Nigeria: Edo receives almost 5,000 Libya returnees in two years

Since 2017, the Edo State government claims to have received and reintegrated 4,943 locals who had become stuck in Libya. 

The returnees, 214 of which were children, had been irregular migrants or victims of human trafficking. While stranded in Libya, they were at risk of exploitation, arbitrary detention and becoming caught in the crossfire of the ongoing conflict. 

In response, the Government of Edo State has spent over NGN 300 million (USD 845,000) to facilitate the rehabilitation and reintegration of returnees over the last two years, according to a statement made at a news conference in Benin by Yinka Omoregbe, Chairperson of the Edo State Taskforce Against Human Trafficking (ETAHT).

As part of its rehabilitation and reintegration programme for returnees, the state government said it is constructing permanent homes to accommodate indigenes who have become stranded abroad.

“The facility will assist the state government in strengthening the fight against human trafficking and irregular migration by offering the returnees a lot of guidance and counselling sessions. This puts them on a better pedestal to succeed,” said Mr Crusoe Osagie, Special Adviser to the Governor on Media and Communication Strategy.

Omoregbe also noted that the task force is working with stakeholders to sensitise the public on the dangers of irregular migration and human trafficking as well as providing support systems for returnees in the state.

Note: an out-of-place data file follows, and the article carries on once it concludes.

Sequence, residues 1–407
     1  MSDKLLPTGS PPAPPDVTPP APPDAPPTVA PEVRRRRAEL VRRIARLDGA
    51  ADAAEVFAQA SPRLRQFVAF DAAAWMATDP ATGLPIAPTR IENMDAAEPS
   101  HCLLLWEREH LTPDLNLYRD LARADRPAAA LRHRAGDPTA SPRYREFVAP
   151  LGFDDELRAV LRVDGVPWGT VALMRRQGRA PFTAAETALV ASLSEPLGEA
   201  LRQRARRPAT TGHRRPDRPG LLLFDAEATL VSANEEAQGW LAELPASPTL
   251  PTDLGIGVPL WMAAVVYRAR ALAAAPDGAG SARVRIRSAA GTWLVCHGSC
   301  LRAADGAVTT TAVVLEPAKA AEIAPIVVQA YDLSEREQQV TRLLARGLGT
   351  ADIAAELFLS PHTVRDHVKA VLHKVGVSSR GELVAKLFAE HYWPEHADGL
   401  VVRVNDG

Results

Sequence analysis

“We are also involved in the investigation and prosecution of those involved in the act as well as examining the root cause of trafficking. Similarly, we also sensitise our people against the danger of travelling out through illegal means,” she said.

Omorogbe also told journalists that the task force’s achievements have changed international perceptions on Edo State. She said: “Our efforts in Edo State have been acknowledged internationally.”

Edo, a Southern state in Nigeria, has become a hotbed for irregular migration and human trafficking. In early 2000, it was alleged that the majority of African sex workers in Italy were from Edo State.

TMP – 10/09/2019

Photo credit: www.vanguardngr.com

Photo caption: Libya returnees on arrival at the Port Harcourt International Airport, Rivers State, Nigeria.

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